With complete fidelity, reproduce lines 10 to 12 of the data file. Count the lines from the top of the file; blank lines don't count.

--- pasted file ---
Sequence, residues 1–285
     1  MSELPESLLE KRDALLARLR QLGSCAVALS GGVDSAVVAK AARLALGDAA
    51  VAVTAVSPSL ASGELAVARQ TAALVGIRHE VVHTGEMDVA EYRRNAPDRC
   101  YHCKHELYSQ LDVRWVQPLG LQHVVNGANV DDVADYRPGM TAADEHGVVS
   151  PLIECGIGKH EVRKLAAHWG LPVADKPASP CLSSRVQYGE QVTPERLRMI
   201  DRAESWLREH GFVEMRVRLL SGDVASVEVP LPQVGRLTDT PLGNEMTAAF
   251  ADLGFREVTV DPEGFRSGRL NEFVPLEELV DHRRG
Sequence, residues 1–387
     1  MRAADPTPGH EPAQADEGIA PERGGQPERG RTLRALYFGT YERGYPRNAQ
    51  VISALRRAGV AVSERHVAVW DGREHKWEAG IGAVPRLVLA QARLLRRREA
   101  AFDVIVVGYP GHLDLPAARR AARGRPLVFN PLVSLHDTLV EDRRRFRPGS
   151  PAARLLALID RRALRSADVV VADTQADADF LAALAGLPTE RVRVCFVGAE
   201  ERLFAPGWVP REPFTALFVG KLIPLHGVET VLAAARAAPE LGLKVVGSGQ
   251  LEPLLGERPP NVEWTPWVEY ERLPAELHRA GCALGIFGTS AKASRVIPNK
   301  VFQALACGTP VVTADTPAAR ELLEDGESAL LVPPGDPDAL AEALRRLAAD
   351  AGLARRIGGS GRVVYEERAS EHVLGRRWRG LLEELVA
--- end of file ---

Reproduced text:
    51  VISALRRAGV AVSERHVAVW DGREHKWEAG IGAVPRLVLA QARLLRRREA
   101  AFDVIVVGYP GHLDLPAARR AARGRPLVFN PLVSLHDTLV EDRRRFRPGS
   151  PAARLLALID RRALRSADVV VADTQADADF LAALAGLPTE RVRVCFVGAE